In this study of a large cohort of MI patients, the clinical symptoms, signs, prognosis, and imaging findings of rostro-caudal and ventro-dorsal medulla were found to be different. A large proportion of patients showed poor long-term prognosis (21.2%), while the all-cause mortality rate was 10.6%. Age ≥ 65 years, dysphagia, recurrent stroke, and MMI+C were risk factors for poor prognosis and death.
Data Availability Statement
The raw data supporting the conclusions of this article will be made available by the authors, without undue reservation.
The studies involving human participants were reviewed and approved by the first affiliated hospital of Henan University of CM. The patients/participants provided their written informed consent to participate in this study. Written informed consent was obtained from the individual(s) for the publication of any potentially identifiable images or data included in this article.
DZ and SY researched literature and conceived the study. QM, MY, HZ, and XL were involved in protocol development, gaining ethical approval, patient recruitment, and data analysis. DZ and JZ wrote the first draft of the manuscript. All authors reviewed and edited the manuscript and approved the final version of the manuscript.
This study was funded by the National Key Research and Development Program of China (grant no. 2019YFC1710002).
Conflict of Interest
The authors declare that the research was conducted in the absence of any commercial or financial relationships that could be construed as a potential conflict of interest.
The Supplementary Material for this article can be found online at: https://www.frontiersin.org/articles/10.3389/fneur.2021.615230/full#supplementary-material
The lost to follow up data as followed (25 patients): There were 13 males and 12 females, and the mean age was 63.2 ± 11.3. There were 11 lateral medullary infarctions (LMI), eight medial medullary infarctions (MMI), five lateral medullary infarction plus cerebellum infarctions (LMI+C), and one bilateral medial medullary infarction (BMMI).
LMI, lateral medullary infarction; MMI, medial medullary infarction; MI, medullary infarction; BMMI, bilateral medial medullary infarction; HMI, hemi-medullary infarction; LMI+C, LMI+cerebellar infarction; MMI+C, MMI+cerebellar infarction; VAH, vertebral artery hypoplasia; M, middle; D, dorsal; V, ventral; VA, vertebral artery; BA, basilar artery; LVD, large vessel disease; ABO, atheromatous branch occlusion; AAE, artery-to-artery embolism; CE, cardiogenic embolism; SVD, small vessel disease; DIS, dissection; UN, undetermined; mRS, modified Rankin scale.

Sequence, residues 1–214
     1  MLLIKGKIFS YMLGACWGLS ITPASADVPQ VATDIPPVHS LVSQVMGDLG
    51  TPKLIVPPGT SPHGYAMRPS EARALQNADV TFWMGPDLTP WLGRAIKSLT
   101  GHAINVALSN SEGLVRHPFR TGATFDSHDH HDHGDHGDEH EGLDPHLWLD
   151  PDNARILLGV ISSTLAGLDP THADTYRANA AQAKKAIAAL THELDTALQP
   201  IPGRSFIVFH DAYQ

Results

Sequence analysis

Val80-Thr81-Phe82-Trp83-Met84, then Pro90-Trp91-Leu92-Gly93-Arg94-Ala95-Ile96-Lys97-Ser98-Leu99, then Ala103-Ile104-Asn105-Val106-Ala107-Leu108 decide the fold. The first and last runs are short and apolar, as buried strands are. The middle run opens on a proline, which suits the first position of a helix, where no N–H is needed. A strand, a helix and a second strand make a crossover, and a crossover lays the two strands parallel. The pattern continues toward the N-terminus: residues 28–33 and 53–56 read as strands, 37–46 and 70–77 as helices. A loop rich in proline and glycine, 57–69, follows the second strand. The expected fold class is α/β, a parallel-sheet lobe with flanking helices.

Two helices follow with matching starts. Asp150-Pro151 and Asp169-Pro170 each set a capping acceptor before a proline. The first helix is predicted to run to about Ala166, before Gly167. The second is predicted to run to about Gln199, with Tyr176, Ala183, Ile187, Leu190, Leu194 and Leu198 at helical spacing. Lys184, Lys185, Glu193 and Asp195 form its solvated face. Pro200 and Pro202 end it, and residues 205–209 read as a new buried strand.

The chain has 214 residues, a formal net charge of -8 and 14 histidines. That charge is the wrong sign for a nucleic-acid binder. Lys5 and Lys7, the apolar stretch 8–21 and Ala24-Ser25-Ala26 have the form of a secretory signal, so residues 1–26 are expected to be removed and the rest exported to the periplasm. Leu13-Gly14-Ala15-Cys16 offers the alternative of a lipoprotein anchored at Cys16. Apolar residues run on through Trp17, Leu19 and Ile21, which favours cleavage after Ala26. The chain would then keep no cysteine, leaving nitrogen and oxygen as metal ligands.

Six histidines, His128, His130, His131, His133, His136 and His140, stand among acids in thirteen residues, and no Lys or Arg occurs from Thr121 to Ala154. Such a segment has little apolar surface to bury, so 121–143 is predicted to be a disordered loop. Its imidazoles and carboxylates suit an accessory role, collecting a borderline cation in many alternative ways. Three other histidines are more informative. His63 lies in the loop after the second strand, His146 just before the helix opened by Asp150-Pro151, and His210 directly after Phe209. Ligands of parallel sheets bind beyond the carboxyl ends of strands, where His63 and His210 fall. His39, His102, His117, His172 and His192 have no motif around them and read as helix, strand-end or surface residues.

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Keywords: medullary infarction, prognosis, death, risk factors, stroke
Citation: Zhang DP, Liu XZ, Yin S, Ma QK, Yu M, Zhang HL, Wang XZ and Zhang JW (2021) Risk Factors for Long-Term Death After Medullary Infarction: A Multicenter Follow-Up Study. Front. Neurol. 12:615230. doi: 10.3389/fneur.2021.615230
Received: 08 October 2020; Accepted: 05 February 2021;
Published: 04 March 2021.
Edited by:Daniel Strbian, Helsinki University Hospital, Finland
Reviewed by:Scott Silliman, University of Florida, United States
Tiina Sairanen, Hospital District of Helsinki and Uusimaa, Finland
Copyright © 2021 Zhang, Liu, Yin, Ma, Yu, Zhang, Wang and Zhang. This is an open-access article distributed under the terms of the Creative Commons Attribution License (CC BY). The use, distribution or reproduction in other forums is permitted, provided the original author(s) and the copyright owner(s) are credited and that the original publication in this journal is cited, in accordance with accepted academic practice. No use, distribution or reproduction is permitted which does not comply with these terms.
*Correspondence: Huai Liang Zhang, firstname.lastname@example.org; Xiang Zhe Liu, email@example.com